Your analysis just goes to show that the point I recently made on another thread is valid: focusing on GCM’s with ever increasing resolution is not the way to go! Over 20 years, improvements in GCM’s have brought no improvement whatsoever in the predicted effect of doubling GHG’s.

    The water vapor amplifying effect does make a lot of sense. It is most certainly a real effect. But one must remember that this is really under clear sky or “fixed cloud cover” conditions. The problem, of course, is that the Earth is never under full “clear sky” or even “fixed cloud cover” conditions. And clouds change everything: they change the albedo, they carry heat all over the place, horizontally and vertically. They come and go in a fashion that we don’t yet understand. When they started making accurate measurements of the Earth’s radiative budget, they found that it varied much more than what the models predicted. That’s because a small change in cloud cover has a similar effect as doubling CO2, if not more.

    So I agree that the money and research effort would have been better spent understanding the physics, instead of writing more lines of code. And that, of course, includes yet little known effects like cosmic rays.

    Finally, I can’t be convinced that we would be so near a threshold for a “runaway” climate. Remember again that the water vapor amplifying factor occurs whatever the original source of heat is. More sun or less clouds also means more heat, and more water vapor, and more heat. If that system were unstable, we would be living on Venus already. We never seem to get much warmer than now, but we do get much colder. So there must be something that stops the climate from going astray. Maybe the climate researchers should look into that, instead of trying to find new, hypothetical, positive feedbacks.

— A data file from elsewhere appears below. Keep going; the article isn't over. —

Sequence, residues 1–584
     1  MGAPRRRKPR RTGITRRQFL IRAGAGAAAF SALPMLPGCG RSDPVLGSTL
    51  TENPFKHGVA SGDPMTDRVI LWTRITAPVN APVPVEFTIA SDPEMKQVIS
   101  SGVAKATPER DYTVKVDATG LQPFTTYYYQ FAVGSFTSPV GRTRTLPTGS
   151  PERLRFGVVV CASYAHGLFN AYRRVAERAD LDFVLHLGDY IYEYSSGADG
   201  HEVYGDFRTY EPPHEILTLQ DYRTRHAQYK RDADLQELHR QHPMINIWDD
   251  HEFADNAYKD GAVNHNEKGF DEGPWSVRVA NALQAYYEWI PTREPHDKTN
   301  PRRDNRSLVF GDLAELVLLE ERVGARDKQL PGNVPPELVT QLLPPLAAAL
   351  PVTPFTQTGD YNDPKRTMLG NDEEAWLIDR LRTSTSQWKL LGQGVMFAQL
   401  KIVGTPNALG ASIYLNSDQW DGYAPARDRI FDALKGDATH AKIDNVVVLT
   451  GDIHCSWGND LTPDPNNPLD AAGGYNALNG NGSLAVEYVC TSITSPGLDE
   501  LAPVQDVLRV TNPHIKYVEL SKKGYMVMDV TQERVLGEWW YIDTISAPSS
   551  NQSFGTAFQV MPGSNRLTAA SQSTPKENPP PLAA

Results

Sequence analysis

38. Ian
    Posted Feb 15, 2007 at 10:09 AM | Permalink

    #36

    Yes from what I have read I believe that aerosols are the prime reason given. Which suggests to me a very simple way to ‘stop global warming’. Stop removing aerosols (or even more pro-actively add sulfur into jet fuel). Yes we want to reduce aerosols, but I believe this is a lesser of two evils. If people really believe in a coming catastrophe of unmatched proportions then a little pollution high in the atmosphere is a small price to pay to prevent it I would think. The fact that such a concept would appear ‘unacceptable’ to most in the warming camp show that they are not really interesting in mitigating the problem (is there anyone here that actually thinks carbon trading will do anything?).

  39. jae
    Posted Feb 15, 2007 at 11:08 AM | Permalink

    Here’s Fred Singer’s view of the effects of CO2 and other GHGs.

  40. Gerald Machnee
    Posted Feb 15, 2007 at 11:14 AM | Permalink

    The following is from an exchange with the Suzuki website **Regarding water vapour, water vapour is not a LONG LIVED gas, because it
    condenses out all the time. Carbon dioxide, on the other hand, persists for decades or longer in the earth’s atmosphere. The main thing with
    water vapour is that warming (caused by carbon dioxide) increases the amount of water vapour in the atmosphere — a huge positive feedback for
    warming!**